The ACLU filed two motions with a Kentucky district court to hold Rowan County Clerk Kim Davis accountable for her continuing refusal to issue marriage licenses to couples in the case Miller v. Davis.
The motions ask the court to hold Davis in contempt of court for failing to comply with its previous ruling and to clarify that Davis must issue marriage licenses to everybody, not just the four named couples in the case. The court set a contempt hearing for this Thursday, at which Davis will be required to answer to the judge for her violation of the order and could face steep fines.
“It is unfortunate that we’ve been compelled to take further action today to ensure that the people of Rowan County can obtain the marriage licenses they’re entitled to receive from their County Clerk’s office. The law is clear and the courts have spoken. The duty of public officials is to enforce the law, not place themselves above it,” said Steven R. Shapiro, legal director of the American Civil Liberties Union:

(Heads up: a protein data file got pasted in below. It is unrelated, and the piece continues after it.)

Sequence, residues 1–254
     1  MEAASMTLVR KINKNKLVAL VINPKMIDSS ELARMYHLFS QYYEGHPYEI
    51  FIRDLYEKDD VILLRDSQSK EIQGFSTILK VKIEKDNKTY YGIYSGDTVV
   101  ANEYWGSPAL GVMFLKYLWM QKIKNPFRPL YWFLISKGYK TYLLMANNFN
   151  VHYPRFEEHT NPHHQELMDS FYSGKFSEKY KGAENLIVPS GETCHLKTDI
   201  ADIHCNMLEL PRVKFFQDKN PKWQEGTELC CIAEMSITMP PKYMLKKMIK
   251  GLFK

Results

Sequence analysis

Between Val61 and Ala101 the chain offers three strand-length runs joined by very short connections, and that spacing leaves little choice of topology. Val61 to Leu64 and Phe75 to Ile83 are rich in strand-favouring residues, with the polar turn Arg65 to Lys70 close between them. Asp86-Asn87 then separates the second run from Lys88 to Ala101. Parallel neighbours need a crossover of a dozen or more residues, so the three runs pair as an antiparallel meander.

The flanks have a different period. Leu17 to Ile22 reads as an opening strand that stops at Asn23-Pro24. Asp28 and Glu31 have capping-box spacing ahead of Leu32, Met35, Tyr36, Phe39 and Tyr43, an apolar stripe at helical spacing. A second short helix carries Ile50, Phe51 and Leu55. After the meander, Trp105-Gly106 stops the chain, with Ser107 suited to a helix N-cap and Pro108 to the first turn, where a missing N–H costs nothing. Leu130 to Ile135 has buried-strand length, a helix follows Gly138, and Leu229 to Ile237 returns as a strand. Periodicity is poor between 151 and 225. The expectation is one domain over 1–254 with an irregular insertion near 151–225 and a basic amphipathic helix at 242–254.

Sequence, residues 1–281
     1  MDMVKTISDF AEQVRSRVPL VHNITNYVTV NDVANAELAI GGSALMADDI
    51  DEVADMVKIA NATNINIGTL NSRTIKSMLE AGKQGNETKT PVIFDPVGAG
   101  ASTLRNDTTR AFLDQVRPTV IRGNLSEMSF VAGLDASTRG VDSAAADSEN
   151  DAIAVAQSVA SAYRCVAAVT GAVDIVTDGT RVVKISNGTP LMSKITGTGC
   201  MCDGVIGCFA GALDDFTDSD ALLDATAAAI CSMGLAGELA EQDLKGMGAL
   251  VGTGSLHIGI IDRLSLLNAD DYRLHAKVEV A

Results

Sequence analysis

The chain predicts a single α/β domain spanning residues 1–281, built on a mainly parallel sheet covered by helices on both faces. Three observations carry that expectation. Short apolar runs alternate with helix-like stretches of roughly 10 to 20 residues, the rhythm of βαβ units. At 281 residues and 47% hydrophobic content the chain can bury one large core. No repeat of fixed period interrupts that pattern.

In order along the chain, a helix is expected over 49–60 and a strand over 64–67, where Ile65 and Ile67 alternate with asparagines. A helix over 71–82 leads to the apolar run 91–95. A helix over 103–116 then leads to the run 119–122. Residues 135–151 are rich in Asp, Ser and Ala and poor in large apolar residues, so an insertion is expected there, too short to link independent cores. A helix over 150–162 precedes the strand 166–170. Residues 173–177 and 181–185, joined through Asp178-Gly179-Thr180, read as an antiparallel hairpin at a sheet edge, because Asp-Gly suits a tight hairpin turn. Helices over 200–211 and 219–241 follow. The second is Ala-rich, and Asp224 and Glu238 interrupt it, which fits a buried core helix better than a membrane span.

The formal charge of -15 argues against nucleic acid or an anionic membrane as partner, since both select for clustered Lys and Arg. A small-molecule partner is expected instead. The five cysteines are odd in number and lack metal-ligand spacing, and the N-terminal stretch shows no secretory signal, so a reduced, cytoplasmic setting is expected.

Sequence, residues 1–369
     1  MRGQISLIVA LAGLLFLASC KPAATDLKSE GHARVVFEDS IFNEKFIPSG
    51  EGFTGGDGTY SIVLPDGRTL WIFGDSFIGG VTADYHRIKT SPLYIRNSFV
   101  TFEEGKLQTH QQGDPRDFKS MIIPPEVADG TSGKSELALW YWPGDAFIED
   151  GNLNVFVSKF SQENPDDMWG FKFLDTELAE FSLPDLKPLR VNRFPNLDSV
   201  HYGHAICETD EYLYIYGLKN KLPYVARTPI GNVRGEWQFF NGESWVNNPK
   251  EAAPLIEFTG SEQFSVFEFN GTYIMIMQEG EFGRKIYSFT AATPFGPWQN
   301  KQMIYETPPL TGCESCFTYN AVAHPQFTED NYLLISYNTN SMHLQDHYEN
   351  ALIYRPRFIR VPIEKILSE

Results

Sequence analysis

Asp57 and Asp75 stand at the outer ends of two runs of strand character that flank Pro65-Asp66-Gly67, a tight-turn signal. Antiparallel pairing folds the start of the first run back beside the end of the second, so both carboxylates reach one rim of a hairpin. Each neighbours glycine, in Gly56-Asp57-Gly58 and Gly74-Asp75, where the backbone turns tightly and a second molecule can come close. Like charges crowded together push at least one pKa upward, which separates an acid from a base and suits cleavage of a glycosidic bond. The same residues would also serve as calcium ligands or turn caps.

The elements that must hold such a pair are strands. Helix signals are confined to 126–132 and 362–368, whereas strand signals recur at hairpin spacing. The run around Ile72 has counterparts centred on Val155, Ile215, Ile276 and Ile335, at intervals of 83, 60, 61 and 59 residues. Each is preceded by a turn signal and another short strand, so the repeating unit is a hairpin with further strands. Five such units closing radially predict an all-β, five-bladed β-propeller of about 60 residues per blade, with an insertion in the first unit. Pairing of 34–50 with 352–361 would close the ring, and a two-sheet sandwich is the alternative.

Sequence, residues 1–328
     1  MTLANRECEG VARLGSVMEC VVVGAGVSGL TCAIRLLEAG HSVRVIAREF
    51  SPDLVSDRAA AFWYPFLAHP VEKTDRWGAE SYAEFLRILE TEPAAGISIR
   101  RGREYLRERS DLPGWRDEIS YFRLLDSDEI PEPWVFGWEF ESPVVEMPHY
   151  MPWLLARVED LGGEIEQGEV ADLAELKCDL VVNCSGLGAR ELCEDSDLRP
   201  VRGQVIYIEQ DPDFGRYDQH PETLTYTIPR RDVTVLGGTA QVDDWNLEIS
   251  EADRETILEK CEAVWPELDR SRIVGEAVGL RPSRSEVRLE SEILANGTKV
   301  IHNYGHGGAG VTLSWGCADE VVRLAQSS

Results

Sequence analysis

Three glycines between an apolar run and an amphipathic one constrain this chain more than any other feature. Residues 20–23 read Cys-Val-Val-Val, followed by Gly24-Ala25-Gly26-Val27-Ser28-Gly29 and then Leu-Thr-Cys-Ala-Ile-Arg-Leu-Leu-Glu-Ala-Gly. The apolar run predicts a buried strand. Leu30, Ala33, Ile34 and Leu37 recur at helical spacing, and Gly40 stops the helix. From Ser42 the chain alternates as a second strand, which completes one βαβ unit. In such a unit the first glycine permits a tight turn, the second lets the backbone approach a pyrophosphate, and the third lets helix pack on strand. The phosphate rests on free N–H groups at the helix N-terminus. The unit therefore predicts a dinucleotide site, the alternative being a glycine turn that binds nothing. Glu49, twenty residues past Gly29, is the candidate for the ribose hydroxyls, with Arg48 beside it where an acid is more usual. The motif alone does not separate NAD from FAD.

Oscar-winner Eddie Redmayne’s newest drama about a trans/intersex woman who risked everything to travel to Germany in 1930 to have a sex change, has received its first trailer. The Danish Girl received heavy criticism for not casting a transgender actress and instead choosing Redmayne. But critics who have already seen the film are saying his performance is deserving of an Oscar nomination.
The film is based on the a novel by David Ebershoff.
Catch the film on November 27.